The Russians are sending all their might after him, and the Americans aren’t sure if he’s a lone madman about to blow up the western seaboard of the United States.
This is an intense and exciting thriller that still works after nearly 30 years. Enjoy the long scenes that allow the story to properly unfold, Sean Connery and Sam Neill’s glorious partnership, and Connery’s Lithuanian-Scottish accent.
Review of Hunt For Red October – 4/5 stars
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Kursk: The Last Mission
This is a survival tale where we already know they don’t survive; it’s thoughtful, grim, and, considering we know the outcome, impressively tense.
Kursk is based on the sinking of the Russian nuclear submarine the Kursk, which sank (in relatively shallow waters) in the Barants Sea during Russian military exercises in 2000.
Russia refuses offers of international help until it’s too late; British Royal Navy Commodore David Russell (Colin Firth) and Admiral Vyacheslav Grudzinsky (Peter Simonischek) try in vain to circumvent the intractable Russian military top brass, while Tanya, wife of Kursk captain Mikhail Averin (Matthias Schoenaerts) desperately fights for news and help back on land.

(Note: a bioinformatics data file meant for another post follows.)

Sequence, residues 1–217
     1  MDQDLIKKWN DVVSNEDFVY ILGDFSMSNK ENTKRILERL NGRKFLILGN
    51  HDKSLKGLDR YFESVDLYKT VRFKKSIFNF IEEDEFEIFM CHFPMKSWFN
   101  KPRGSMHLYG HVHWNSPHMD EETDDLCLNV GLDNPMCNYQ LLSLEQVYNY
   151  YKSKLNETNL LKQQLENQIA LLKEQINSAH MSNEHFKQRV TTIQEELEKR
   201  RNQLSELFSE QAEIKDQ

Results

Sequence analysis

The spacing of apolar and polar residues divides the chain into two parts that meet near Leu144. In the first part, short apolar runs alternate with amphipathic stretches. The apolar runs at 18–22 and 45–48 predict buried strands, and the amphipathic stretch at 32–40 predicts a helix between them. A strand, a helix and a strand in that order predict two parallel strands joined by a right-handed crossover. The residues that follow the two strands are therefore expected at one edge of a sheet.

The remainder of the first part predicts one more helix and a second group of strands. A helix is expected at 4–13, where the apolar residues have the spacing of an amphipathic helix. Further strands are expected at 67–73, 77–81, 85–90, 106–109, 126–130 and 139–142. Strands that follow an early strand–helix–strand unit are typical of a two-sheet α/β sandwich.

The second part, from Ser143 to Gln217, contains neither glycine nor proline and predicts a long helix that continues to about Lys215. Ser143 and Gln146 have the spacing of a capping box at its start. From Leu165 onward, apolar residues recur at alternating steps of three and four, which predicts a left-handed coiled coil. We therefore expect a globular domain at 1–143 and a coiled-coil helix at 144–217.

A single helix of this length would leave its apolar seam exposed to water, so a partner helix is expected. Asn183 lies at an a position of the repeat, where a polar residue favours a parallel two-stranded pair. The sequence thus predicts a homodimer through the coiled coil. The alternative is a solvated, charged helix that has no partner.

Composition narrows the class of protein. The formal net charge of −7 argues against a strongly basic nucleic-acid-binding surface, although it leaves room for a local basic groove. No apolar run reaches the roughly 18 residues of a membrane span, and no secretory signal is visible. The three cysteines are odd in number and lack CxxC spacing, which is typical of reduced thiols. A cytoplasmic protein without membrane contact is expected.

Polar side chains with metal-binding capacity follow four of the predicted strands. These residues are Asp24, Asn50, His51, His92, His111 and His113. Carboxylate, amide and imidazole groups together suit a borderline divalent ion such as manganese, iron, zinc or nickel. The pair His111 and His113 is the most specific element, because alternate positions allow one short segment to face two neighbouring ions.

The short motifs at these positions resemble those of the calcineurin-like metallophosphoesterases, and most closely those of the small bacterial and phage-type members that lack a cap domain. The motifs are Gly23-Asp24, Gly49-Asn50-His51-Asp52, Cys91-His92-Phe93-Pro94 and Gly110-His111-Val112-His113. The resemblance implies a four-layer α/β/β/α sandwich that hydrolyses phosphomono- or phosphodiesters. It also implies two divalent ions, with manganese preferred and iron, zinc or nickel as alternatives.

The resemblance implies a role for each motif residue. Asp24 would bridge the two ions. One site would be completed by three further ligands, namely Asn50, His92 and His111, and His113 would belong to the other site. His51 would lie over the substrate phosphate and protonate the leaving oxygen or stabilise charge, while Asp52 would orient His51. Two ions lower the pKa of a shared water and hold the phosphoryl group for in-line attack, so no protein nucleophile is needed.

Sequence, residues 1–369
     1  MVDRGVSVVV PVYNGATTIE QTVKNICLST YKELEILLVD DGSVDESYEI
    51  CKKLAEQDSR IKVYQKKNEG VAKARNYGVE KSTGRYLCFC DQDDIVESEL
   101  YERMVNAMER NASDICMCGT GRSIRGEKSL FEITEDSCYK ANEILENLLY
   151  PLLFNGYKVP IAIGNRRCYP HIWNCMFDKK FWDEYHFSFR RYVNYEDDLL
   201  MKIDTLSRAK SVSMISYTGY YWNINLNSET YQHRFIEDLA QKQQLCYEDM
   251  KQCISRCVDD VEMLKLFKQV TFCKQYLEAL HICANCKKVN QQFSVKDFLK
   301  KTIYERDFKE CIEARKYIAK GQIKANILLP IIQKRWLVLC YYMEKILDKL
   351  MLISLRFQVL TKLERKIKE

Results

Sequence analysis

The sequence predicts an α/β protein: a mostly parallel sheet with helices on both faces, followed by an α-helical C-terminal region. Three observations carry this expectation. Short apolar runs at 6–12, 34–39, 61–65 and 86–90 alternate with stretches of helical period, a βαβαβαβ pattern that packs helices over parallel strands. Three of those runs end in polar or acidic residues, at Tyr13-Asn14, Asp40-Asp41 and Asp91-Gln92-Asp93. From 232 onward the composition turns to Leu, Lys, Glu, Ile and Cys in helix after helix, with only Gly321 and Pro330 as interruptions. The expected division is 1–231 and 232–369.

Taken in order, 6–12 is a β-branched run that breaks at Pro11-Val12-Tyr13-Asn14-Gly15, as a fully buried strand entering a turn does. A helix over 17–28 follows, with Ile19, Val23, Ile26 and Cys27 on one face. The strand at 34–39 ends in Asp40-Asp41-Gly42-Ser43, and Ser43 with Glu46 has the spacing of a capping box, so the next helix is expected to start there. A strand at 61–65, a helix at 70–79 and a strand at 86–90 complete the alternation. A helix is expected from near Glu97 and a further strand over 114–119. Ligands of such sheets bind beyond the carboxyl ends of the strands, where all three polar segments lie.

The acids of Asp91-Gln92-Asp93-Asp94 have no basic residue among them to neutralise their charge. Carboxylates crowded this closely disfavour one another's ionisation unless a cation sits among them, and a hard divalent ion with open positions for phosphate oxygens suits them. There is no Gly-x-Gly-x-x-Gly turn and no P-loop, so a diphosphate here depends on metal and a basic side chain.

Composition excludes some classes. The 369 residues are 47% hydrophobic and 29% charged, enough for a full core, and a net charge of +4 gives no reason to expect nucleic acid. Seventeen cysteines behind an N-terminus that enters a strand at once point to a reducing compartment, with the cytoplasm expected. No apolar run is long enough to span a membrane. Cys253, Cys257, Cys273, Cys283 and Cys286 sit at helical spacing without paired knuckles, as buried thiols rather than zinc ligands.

Kursk: The Last Mission offers many submarine disaster movie beats, which mostly work well with the two steady and understated lead characters (David and Mikhail), though are sometimes are a little too trope-ish.
Review of Kursk: The Last Mission – 3.5 stars
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An untested captain (yes him again!) is given his own submarine to command but it’s a total rust bucket, and his crew are almost guaranteed to get them all sunk.
Newly promoted Captain Tom Dodge, who has a tattoo on his penis saying All Aboard, has to win a series of war game manoeuvres where the odds are stacked against him from the beginning.
Starring Kelsey Grammer, Lauren Holy, Bruce Dern and Rip Torn, this is reasonably diverting with a few good moments – though overall it’s old fashioned and simply not funny enough.
Review of Down Periscope – 2/5 stars